If you're on the keto diet, you might be wondering if you get a pass here and there to enjoy your favorite carb-y foods. I mean, cake, candy and boozy cocktails are hard to pass up—especially in the fall and winter.

Is it possible to take an occasional cheat day on your keto diet to splurge on some high-carb foods? Will one cheat day knock you out of ketosis and wreck all your progress?

Here’s what you need to know if you’re on the keto diet, but are looking to take a few hours off.

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Will a cheat day throw me out of ketosis?

There's no getting around this one: Yes, you will fall out of fat burning mode.

Here's a little refresher on ketosis, which is when your body burns fat for energy instead of carbohydrates—its preferred source.

Usually, our bodies run on glucose in the form of foods like flour, grains, vegetables, and fruit. But dramatically reducing your carb intake forces your body to burn stored fat, instead. Your liver uses fat to make acids called ketones. These are released into your bloodstream and are used for energy.

“As soon as you introduce carbohydrates to your system, the body will use them preferentially for fuel," says Ginger Hultin, MS, RDN, CSO, Seattle-based dietitian and Spokesperson for the Academy of Nutrition and Dietetics.

It'll stay that way until you begin your keto regimen again.

“You'll have to return to the ketogenic diet the next day and stay committed to the macronutrient ratios in order to get back into ketosis,” she explains. That means you really can't forego your keto diet for a temporary binge—unless you want to start all over again when you're done.

What’s more, it doesn’t matter if you eat half a piece of pie or just take a few bites. “It's anything that pushes you over your net carbs,” she says. “Even one bite could do it, depending on what it was. Juice, soda, candy will meet that limit in small amounts."

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How long does it take to get back into ketosis?

The amount of time it takes to get back into that coveted fat-burning zone will vary based on the person, but it generally takes one to three days. “Getting back in is likely different for each person, and it depends on the level of carb restriction you choose to do,” Hultin says.

If you’re used to restricting to a maximum—and then suddenly introduce carbs—it could take longer to get back into ketosis. Likewise, if you eat a ton of carbs on a cheat day—rather than just a few extra grams—it may also take a little extra time.

“The body stores blood sugar as energy in the blood, liver and muscles," she explains. "The more you have stored, the longer it will take the body to burn through it and get back into ketosis."

And don't forget, everyone's metabolism is a little different, so there's variation in when and how each person gets into in ketosis.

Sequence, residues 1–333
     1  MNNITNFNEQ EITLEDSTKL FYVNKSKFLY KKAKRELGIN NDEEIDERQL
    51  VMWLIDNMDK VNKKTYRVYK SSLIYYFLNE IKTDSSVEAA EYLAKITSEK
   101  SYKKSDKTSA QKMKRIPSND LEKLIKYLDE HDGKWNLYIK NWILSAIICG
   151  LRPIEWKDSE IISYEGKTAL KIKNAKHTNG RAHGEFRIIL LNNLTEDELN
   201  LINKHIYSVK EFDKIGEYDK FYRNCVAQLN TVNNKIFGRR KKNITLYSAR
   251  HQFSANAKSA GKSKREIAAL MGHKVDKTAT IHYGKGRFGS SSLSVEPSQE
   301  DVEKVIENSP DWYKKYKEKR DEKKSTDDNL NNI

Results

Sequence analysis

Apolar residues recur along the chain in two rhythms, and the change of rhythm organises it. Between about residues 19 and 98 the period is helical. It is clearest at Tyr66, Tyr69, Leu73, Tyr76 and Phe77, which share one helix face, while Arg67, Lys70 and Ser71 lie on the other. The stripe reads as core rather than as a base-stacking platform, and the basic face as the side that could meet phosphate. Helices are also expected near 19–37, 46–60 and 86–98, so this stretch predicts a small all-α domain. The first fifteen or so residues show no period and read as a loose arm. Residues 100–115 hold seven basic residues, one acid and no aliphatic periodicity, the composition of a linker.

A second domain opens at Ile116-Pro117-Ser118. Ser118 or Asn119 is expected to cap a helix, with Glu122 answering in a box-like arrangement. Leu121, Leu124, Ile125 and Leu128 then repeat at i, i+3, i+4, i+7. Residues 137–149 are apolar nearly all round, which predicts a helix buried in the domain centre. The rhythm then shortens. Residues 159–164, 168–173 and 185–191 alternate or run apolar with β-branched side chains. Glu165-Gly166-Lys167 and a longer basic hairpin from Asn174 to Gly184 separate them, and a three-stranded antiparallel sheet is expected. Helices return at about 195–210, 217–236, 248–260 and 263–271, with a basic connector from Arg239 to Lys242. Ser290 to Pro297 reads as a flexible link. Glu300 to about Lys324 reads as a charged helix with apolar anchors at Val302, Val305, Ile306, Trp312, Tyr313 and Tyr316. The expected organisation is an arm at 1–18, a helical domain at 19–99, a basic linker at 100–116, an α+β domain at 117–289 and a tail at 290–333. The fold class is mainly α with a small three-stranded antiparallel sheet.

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You may go through the keto flu again.

“When you go back to a ketogenic diet after being off it for a day or a period of time, you can easily get back to the diet the next day—but it will take a couple days to get the body back into the state of ketosis,” Hultin says.

You may experience "keto flu" symptoms again, depending on your metabolism and what kind of keto break you took. You might also have headaches, nausea, fatigue, stomach pain and body aches, brain fog, and mood swings. These should go away quickly as long as you don't bump yourself out of ketosis.

Ugh—perhaps that cheating spree isn’t worth it after all.

So should you cheat?

It depends on various factors, including whether your keto diet is doctor-mandated.

“Many people are using the ketogenic diet for a medical treatment, and so they need to be on it all the time with no breaks," Hultin explains." Doctors and dietitians can guide each individual on if it's safe or not to take breaks."

Many dietitians advise against "cheat meals" as they imply that foods are good or bad. In turn, this can lead to guilt and an unhealthy relationship with food. Instead, Chris Mohr, PhD, R.D., says you should think of "cheat meals" as conscience indulgences

In any case, it's important to determine whether a specific diet fits your lifestyle. And you'll want to move forward without guilt after you veer of the planned diet.

“Some people do well with taking breaks from a restrictive diet, while others have a hard time getting back into it," Hultin says. "If you are finding yourself needing to take breaks or having trouble getting back into it, I'd raise the question, as a dietitian: Is this the right diet for you? Is it too restrictive?”

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Isadora Baum

Isadora Baum is a freelance writer, certified health coach, and author of 5-Minute Energy. She can't resist a good sample, a margarita, a new HIIT class, or an easy laugh. Learn more about her on her website: isadorabaum.com